Bishop Sarhad Jammo

RELIGIOUS AND POLITICAL LEADERS OFFER HOPE AMID DESPAIR TO PERSECUTED IRAQI CHRISTIANS AT PRAYER VIGIL IN EL CAJON: HEAR AUDIO

 

By Miriam Raftery

Hear our audio highlights from the vigil, as reported on KNSJ 89.1.  Listen now:  http://kiwi6.com/file/31hofx5nbg

July 26, 2014 (El Cajon)--Local political and religious leaders offered messages of hope for Iraqi Christians fleeing persecution and genocide in Iraq, many of them seeking to find refuge in America.   They offered a safe haven here in East County, as well as political actions now underway in Washington D.C. and Sacramento to aid Christians in their homeland.

“When they come here, I want you to tell them they will be safe here,” Mayor Bill Wells told the crowd during a prayer vigil in El Cajon’s Centennial Plaza last night  that was attended by an estimated 2,000 people.

The Mayor denounced the “unconscionable” slaughter of Iraqi Christians by ISIS terrorists who have declared a caliphate, or Muslim state, in the Mosul area, where churches dating back to Biblical times are being destroyed and Christians ordered to convert to Islam or die by the sword.

SUMMIT SEEKS HELP FOR GROWING REFUGEE POPULATION IN EAST COUNTY

Nearly 85% of local refugees are from war-torn Iraq, straining resources on schools and social services; local leaders call for major changes in treatment of refugees

 

"We can create a national model," -- Sunny Cooke, president, Grossmont College

 

November 12, 2009 (El Cajon) – Impacts of the Iraq War are hitting home in East County, where so many Iraqi refugees have settled that El Cajon's mayor has dubbed a section of his community "Little Baghdad."  From Oct. 1, 2008 to October 1, 2009, the U.S. admitted almost 75,000 refugees—including 18,333 from Iraq.*  Since October 2008, San Diego has been taking in 400 refugee families a month.  Nearly 85% are from Iraq.  Almost 75% of all area refugees have settled in the Grossmont-Cuyamaca Community College District (GCCCD), straining resources beyond capacity in social services, education, and healthcare.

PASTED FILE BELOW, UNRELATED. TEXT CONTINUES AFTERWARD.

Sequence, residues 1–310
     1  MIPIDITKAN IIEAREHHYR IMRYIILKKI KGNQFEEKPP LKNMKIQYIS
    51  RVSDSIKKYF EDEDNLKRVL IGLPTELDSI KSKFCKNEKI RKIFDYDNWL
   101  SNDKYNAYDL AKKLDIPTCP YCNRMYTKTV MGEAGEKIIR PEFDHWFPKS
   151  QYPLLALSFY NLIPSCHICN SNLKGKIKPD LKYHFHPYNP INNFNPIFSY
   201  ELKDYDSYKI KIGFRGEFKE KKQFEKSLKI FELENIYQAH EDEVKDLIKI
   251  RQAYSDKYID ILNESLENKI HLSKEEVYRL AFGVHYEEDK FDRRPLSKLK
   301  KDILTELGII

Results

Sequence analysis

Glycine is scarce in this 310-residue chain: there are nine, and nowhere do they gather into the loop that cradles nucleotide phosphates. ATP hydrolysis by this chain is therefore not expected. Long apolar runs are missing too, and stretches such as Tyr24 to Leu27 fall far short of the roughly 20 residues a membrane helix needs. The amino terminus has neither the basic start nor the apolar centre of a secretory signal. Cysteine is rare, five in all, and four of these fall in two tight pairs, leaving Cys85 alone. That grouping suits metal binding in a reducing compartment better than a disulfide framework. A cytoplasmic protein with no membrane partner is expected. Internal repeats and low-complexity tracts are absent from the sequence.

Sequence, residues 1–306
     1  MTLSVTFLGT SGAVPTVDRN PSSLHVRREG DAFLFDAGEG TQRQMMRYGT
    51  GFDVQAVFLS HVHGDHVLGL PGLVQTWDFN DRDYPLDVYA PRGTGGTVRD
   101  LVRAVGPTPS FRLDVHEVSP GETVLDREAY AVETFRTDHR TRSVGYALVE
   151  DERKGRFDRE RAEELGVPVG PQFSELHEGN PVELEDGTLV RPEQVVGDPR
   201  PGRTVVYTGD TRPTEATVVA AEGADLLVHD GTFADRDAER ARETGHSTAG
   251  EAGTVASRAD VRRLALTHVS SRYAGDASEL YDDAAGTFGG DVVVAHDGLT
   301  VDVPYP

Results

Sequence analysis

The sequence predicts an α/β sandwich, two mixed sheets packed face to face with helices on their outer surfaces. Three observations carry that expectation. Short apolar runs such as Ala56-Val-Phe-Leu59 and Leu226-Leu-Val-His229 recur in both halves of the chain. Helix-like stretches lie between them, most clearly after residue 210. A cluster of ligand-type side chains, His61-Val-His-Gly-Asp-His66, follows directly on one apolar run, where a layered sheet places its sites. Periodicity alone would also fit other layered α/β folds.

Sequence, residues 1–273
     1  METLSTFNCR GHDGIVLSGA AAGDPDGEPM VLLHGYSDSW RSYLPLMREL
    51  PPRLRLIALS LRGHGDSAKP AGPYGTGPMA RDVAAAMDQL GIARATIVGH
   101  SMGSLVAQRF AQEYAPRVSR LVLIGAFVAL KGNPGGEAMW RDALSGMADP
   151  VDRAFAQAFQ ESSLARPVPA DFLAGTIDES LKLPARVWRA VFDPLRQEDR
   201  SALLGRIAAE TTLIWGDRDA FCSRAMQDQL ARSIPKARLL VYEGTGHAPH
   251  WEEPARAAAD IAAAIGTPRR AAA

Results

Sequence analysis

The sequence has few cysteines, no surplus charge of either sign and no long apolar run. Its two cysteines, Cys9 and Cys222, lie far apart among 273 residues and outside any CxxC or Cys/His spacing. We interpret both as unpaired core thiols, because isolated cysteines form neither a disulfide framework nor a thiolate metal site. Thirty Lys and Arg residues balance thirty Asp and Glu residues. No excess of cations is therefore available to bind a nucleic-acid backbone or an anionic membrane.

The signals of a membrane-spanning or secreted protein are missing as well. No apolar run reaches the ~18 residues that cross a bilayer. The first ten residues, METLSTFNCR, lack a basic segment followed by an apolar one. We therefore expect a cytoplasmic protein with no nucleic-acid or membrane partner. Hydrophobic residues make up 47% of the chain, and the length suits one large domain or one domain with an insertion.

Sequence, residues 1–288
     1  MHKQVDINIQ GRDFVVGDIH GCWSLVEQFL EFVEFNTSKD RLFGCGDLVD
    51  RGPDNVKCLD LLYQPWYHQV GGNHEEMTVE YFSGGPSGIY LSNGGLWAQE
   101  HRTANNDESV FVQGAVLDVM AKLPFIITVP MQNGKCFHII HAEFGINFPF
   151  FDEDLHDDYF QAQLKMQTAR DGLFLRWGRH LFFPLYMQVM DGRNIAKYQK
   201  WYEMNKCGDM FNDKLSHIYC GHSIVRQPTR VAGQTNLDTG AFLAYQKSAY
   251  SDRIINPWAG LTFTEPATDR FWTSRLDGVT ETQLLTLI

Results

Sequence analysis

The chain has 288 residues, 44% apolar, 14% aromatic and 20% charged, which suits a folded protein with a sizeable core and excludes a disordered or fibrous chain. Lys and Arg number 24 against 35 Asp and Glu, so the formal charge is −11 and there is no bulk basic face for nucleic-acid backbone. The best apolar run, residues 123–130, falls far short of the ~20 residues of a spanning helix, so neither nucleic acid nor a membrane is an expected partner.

“Social Services predicts that 200 to 300 new families will be entering East County each month for the next two or three years,” Mike Lewis, PhD, assistant superintendent of education for the Grossmont Union High School District said at a November 6 summit at Cuyamaca College titled Spotlight on Refugee Education and Employment.  Some have spent weeks or even years in refugee camps.  Many don’t speak English and have not been able to receive an education.  Many refugees are also physically maimed by war or suffer post-traumatic stress.  Often they receive misinformation and find steep barriers to getting the help that they need.